Hua Yong: Artist Who Documented Beijing Forced Evictions 'Released And Reunited With Daughter'

A Chinese artist arrested after documenting forced evictions of migrant workers in Beijing has reportedly been reunited with his family.

Hua Yong, a 48-year-old painter, was arrested on Saturday (December 16) from a friend's house in the city of Tianjin. He had fled his house in Beijing to evade police, according to AFP.

His friends warned Hua's whereabouts were unknown following his arrest.

"Police grabbed him. Didn't you know? Nobody is able to contact him," a friend, who spoke on condition of anonymity, said.

However, it now seems that he has been released on bail.

"He arrived in Shuangliu Airport in Chengdu, Sichuan province, at 6pm [10 am GMT], and reunited with his daughter for her birthday," Patrick Poon, a Hong Kong-based researcher for Amnesty International, told Newsweek.

He added that the artist might still be under tight surveillance.

"We saw similar situation in other activists' cases," said Poon, He added that, according to sources on the ground, he was"criminally detained on suspicion of 'gathering a crowd to disturb transport order' and was released on bail today."

In the weeks before his arrest, Hua had been posting dozens of videos on his YouTube channel and Chinese social media platform WeChat documenting the evictions and featuring interviews with evicted workers.

One of his latest videos posted on Friday shows the artist claiming police were at the door and he would soon leave with them.

In another video, addressed to his three-year-old daughter, Yong says: "Daddy is using these last minutes to sing you a song, 'Happy birthday to you' ... Daddy wants our country to be better; It should be just, fair, free and democratic with free speech.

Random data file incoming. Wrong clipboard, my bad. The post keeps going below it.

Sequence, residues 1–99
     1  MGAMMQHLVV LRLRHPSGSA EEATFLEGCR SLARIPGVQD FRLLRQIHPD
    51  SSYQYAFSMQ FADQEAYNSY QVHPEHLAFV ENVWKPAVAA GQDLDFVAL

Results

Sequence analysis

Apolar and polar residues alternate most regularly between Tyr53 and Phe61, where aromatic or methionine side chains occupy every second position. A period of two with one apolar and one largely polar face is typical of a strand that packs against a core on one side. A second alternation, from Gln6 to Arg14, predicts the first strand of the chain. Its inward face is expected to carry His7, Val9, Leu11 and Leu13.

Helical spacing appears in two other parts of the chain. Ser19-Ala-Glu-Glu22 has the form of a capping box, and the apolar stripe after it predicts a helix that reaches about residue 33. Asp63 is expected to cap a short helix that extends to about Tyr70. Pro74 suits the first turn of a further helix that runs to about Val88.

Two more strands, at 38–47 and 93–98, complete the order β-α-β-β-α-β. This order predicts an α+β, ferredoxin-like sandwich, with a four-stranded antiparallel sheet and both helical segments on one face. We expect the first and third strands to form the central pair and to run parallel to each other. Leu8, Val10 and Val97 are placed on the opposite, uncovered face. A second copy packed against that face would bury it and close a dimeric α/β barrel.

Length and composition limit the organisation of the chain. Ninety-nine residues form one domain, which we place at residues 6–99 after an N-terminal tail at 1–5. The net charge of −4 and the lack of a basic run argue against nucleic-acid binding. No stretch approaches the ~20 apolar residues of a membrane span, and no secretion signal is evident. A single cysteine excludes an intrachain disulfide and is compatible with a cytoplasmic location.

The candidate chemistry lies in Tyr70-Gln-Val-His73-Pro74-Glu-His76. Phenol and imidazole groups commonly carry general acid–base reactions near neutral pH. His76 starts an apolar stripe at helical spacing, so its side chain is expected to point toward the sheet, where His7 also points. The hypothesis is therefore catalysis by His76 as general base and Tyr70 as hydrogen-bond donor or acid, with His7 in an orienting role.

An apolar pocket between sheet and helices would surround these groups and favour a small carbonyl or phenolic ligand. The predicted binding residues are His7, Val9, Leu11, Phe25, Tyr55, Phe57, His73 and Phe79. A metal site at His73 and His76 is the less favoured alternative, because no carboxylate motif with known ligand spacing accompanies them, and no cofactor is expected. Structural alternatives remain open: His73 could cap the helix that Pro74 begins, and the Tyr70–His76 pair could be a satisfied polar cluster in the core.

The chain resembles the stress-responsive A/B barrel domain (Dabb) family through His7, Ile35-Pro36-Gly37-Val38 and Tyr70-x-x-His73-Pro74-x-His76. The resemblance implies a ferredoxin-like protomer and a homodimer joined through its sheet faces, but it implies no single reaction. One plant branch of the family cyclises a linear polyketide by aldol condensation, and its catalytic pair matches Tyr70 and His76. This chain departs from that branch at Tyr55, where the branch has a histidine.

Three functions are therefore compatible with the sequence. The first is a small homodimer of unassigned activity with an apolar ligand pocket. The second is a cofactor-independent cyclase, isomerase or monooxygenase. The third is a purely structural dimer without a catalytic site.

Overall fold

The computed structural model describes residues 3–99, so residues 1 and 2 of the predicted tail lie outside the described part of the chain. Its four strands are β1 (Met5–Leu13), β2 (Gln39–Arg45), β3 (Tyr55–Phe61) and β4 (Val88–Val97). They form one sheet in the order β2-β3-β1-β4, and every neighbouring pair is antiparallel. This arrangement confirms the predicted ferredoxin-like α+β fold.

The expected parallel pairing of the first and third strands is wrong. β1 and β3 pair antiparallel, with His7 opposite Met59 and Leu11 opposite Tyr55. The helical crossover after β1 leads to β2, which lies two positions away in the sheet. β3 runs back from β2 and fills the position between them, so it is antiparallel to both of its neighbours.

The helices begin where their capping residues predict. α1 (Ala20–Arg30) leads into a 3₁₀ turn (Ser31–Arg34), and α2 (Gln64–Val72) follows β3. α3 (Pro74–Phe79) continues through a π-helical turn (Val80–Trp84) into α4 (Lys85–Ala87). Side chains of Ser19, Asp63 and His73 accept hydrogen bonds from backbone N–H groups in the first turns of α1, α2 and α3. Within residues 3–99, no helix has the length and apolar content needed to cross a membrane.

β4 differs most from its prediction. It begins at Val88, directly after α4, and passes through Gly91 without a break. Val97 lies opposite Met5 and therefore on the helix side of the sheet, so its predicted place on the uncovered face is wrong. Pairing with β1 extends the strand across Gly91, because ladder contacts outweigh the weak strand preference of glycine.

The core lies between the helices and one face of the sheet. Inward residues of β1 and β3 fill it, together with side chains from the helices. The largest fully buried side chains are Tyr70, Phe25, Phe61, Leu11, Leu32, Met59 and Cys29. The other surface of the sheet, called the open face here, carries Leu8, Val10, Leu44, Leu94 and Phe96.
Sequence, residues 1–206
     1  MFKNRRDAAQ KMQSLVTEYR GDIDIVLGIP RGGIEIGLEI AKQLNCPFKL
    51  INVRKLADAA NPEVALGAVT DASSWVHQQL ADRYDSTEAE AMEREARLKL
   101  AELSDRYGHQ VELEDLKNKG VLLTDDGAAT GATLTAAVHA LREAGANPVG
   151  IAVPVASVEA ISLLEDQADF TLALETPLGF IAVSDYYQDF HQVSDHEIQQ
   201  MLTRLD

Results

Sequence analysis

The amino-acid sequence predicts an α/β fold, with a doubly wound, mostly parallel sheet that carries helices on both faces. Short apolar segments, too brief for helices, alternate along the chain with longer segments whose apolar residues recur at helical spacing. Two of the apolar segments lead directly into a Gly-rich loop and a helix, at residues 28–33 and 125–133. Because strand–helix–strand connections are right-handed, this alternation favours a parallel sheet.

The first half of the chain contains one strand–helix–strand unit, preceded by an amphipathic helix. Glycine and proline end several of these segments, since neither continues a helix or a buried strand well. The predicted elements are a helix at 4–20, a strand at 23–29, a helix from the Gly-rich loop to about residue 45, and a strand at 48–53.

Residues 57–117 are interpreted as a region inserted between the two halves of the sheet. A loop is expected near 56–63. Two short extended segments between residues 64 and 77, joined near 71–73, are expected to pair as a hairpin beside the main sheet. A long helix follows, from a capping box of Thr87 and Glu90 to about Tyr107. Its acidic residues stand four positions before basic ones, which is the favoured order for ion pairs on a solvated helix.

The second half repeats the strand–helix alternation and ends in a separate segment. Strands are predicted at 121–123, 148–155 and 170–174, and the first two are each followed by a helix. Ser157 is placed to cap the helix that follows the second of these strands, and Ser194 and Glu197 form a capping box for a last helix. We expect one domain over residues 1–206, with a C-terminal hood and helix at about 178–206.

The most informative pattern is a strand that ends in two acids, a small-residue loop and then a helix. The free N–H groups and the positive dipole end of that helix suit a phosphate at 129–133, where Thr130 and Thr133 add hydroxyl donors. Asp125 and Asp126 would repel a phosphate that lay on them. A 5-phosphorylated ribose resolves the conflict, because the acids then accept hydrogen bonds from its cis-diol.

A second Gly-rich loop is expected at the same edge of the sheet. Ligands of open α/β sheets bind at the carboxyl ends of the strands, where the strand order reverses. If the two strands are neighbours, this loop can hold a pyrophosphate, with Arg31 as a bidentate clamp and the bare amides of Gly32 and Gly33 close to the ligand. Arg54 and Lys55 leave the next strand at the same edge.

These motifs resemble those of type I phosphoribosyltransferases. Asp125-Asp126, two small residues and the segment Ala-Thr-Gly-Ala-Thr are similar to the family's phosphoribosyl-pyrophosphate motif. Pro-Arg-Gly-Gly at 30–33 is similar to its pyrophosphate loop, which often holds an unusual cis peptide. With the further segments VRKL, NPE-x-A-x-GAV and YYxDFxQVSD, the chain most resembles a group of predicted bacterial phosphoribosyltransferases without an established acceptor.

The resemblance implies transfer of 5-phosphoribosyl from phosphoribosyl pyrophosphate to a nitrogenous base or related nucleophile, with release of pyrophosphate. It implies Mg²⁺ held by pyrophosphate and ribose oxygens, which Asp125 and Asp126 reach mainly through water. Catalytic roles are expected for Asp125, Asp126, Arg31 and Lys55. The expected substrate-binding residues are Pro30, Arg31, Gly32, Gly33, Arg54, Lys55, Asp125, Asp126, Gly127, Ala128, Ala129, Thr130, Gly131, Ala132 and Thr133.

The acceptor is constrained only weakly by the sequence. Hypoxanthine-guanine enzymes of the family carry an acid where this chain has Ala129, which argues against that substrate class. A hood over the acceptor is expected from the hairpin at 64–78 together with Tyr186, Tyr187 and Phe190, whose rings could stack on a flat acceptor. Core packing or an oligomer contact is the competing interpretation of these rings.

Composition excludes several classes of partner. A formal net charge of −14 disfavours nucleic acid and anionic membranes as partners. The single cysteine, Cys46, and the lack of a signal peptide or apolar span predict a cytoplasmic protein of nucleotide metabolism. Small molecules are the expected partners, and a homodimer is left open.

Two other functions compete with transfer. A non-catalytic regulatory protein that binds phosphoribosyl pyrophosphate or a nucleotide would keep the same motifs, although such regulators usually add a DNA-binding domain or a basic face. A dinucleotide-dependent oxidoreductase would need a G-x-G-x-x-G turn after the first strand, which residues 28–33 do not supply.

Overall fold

"This is how I want to contribute to this country. I am willing to sacrifice my flesh and blood, my body, in defense of the rights of a citizen to tell the truth. A citizen's right to be human. When daddy is free again, I will take you to see the world."

In 2012, Hua was sentenced to labor work after he took part in a manifestation to pay homage to the victims who died during protests in Tiananmen Square in 1989.

The Chinese embassy in London has not replied to a request for a comment on the case.

Chinese artists and activists had already condemned forced evictions taking place in Beijing earlier this year, arguing that they amounted to human rights violations.

The latest round of evictions was sparked following a fire that killed 19 people in an industrial neighborhood in Beijing on November 18. The majority of the victims were migrants.

City officials declared a 40-day campaign to target illegal structures.

The mass displacements triggered demonstrations, rare in the country.

Chinese artist Hua Yong
In the weeks before his arrest, Hua had been posting dozens of videos on his YouTube channel and Chinese social media platform WeChat,documenting evictions of migrant workers in Beijing. Hua Yong/ YouTube

Activists believe the government is using the incident to accelerate its plans to modernize the capital and drive out so-called "low-end migrants workers".

Authorities have denied the allegations, claiming that they are saving lives.

"His [Hua's] case shows the Chinese government is even more intolerant towards exposing what happened during the evictions of migrants in Beijing," Poon continued.

"What he did was simply taking videos to document what he saw about the evictions. That's nothing the government can claim to be illegal. Yet, the government still attempted to silence him."